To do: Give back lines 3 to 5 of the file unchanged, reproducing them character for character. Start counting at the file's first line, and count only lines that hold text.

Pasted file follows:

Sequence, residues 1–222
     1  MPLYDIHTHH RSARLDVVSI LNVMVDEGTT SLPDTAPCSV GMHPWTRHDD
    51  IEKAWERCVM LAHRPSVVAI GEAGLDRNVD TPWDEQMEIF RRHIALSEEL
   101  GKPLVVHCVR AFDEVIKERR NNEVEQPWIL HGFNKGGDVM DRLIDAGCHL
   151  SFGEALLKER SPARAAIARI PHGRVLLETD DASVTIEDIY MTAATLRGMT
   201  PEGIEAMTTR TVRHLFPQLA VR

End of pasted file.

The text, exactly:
    51  IEKAWERCVM LAHRPSVVAI GEAGLDRNVD TPWDEQMEIF RRHIALSEEL
   101  GKPLVVHCVR AFDEVIKERR NNEVEQPWIL HGFNKGGDVM DRLIDAGCHL
   151  SFGEALLKER SPARAAIARI PHGRVLLETD DASVTIEDIY MTAATLRGMT